After bouncing around the UK comics scene and later DC, Mark Millar made a name for himself for his big-picture epics on The Authority and The Ultimates. Working with artists like Frank Quitely and Bryan Hitch, Millar borrowed some of the wide-screen cinema techniques of film to display comic stories in a new light. From very early on, movie-makers have been cribbing notes from his comics; X-Men: The Last Stand screenwriter Zak Penn said Millar’s work was influencing his own. He was even brought in to act as an informal brain trust to give advice to Jon Favreau during the production of the first Iron Man film.
After seeing glimpses and glimmers of Millar’s influence on company-owned comics-turned-films, it was when Hollywood took notice of his creator-owned work that his bibliography became catnip for movie producers. After back-to-back successes with feature film adaptations of his comics Wanted and Kick-Ass, virtually every creator-owned comic from Mark Millar comes with the question, “How soon will there be a movie announcement?” This attention from movie producers has even led Millar to begin filming his own original movie, which is currently underway.
The question today is this: Of the creator-owned work Mark Millar’s done that haven’t become films yet, which should, and how should they look?
Over on his message boards, writer Mark Millar teases a crossover between three of his creator-owned properties — Kick-Ass, Superior and Nemesis — with some art by Leinil Francis Yu.
“Leinil’s just finished some layouts here, but it’s a nice teaser for everyone,” he said about the art. “The picture really says it all: Nemesis, Superior, Hit-Girl and Kick-Ass. The first Millarworld crossover event.”
No other details were given in terms of what this is or where it might appear, but his Clint Magazine might be a likely venue.
Update: It’s three covers.
Like he’s done previously with characters in Kick-Ass and Nemesis, writer Mark Millar is once again auctioning off the opportunity to name one of his characters. This time around Millar is offering the naming rights to the young boy who transforms into Superior, star of the upcoming comic of the same name by Millar and artist Leinil Francis Yu.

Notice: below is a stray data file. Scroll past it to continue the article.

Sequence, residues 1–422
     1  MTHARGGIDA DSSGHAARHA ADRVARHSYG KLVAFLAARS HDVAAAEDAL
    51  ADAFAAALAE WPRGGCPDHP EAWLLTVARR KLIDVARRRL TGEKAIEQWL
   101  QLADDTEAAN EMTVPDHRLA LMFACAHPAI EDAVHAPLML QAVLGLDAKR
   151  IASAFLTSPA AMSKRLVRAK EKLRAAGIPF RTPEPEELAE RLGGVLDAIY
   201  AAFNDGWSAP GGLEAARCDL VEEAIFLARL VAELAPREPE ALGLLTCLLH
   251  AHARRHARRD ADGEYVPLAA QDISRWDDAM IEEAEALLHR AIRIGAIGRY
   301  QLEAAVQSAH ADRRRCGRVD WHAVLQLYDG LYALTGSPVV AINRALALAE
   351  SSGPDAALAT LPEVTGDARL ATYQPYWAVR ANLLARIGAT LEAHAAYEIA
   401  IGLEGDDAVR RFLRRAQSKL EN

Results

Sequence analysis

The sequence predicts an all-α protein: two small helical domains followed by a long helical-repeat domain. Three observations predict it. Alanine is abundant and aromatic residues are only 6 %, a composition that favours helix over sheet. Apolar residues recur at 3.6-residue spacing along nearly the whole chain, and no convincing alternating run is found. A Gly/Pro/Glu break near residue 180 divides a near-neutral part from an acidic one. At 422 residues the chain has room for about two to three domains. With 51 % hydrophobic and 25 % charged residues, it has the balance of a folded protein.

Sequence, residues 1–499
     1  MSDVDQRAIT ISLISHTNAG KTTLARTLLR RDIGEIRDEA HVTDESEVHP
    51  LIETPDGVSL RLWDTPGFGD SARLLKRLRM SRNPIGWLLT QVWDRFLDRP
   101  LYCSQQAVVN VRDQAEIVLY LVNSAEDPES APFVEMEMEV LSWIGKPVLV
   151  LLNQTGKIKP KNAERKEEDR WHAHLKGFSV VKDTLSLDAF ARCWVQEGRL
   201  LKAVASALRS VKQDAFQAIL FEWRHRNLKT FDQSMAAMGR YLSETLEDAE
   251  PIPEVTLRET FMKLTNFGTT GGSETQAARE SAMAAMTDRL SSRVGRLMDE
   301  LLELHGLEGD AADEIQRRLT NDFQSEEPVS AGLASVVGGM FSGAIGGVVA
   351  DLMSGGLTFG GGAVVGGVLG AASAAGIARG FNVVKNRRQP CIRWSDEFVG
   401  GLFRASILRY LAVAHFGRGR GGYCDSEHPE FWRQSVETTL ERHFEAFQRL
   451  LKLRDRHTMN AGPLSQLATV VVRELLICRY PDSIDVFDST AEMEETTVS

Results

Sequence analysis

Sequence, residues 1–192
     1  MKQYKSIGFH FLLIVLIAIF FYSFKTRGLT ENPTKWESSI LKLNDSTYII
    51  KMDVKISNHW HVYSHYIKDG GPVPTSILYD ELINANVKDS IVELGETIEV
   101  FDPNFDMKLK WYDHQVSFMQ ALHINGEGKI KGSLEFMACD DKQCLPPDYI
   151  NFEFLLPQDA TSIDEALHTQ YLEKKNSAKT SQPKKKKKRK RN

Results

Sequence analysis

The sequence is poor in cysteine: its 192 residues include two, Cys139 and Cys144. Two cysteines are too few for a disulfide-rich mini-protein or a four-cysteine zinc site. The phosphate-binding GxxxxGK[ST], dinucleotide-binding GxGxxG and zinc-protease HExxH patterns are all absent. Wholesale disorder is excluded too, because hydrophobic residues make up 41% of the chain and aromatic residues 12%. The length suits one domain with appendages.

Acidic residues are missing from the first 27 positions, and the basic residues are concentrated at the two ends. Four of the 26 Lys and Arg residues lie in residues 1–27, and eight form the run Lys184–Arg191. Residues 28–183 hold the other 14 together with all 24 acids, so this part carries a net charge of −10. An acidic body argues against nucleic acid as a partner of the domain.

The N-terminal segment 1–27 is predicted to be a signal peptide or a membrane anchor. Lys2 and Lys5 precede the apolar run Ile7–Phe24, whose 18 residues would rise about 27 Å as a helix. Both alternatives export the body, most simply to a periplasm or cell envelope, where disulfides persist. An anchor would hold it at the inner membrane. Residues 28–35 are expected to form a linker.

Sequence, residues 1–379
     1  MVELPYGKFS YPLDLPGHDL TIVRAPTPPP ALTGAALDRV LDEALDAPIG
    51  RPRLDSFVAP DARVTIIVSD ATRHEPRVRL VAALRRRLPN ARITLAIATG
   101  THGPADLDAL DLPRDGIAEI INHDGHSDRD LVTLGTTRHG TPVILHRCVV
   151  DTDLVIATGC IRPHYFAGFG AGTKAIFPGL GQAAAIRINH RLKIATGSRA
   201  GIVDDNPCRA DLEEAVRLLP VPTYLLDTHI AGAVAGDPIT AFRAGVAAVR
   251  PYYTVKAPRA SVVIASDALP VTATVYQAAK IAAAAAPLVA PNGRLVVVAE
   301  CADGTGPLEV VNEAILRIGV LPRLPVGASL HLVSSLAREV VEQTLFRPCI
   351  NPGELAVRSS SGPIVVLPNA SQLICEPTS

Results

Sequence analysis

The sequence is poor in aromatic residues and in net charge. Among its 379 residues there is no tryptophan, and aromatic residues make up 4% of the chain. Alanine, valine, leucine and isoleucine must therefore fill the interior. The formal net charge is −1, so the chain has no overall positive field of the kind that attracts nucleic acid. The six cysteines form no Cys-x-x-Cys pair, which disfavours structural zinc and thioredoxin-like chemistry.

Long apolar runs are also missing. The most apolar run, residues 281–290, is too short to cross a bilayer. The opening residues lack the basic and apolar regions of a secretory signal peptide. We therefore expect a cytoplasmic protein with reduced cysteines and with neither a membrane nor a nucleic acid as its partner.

The auction will once again benefit a special needs unit in a school where his brother, Dr. Bobby Millar, has been raising money for a new mini-bus.
“It’s amazing how much the Nemesis one made compared to the Kick-Ass one,” MIllar said on his forums. “We made about sixteen hundred bucks on the Dave Lizewski name (which went towards the school itself), but a whopping $17,000 (£10,000) for Nemesis and the first steps towards their mini-bus a few months back. This plus some private donations means they now have £10,000 left to get what they want: Not too shabby considering they only started raising this dough after Easter this year.”
“Stephen King did this a while back and it’s great. A reader gets their name in a book, I get a real name for a realistic wee character and some special needs kids get something they were needing. Perfect.”
You can place your bid on eBay.
A variant cover for the Mark Millar guest-edited issue of Wizard, in stores this week, provides the first look at Superior, his upcoming creator-owned project with artist Leinil Francis Yu.
Teased a month ago at Comic Book Resources, Superior has remained somewhat mysterious, with Millar keeping uncharacteristically tight-lipped about the title. But with the release of Wizard #228, we get a glimpse at the comic’s hero — and his wrestling belt.
“His visual is based on the same old strongman look from the ’30s as [well as] lots of other old heroes,” Millar writes on his message board. “The story starts with Superior 5 in cinemas and nobody really caring anymore. It’s a character who’s been around for a long time. My love-letter to another costumed hero.”
What costumed hero could that be? Hm …
“I love the fact that nobody has guessed the tone of this yet,” writes Millar, adding that more will be revealed in an interview at CBR closer to the October launch. “This is your Super 8-style teaser for now.”
Update: Rich Johnston has a few more details (and a couple of scanned images) plucked from Millar’s Wizard interview, in which the writer says, “What I suppose I’ve done here really is kind of Marvelize Superman.” Superior apparently centers on a 13-year-old boy with multiple sclerosis who becomes “an adult overpowered superhero.”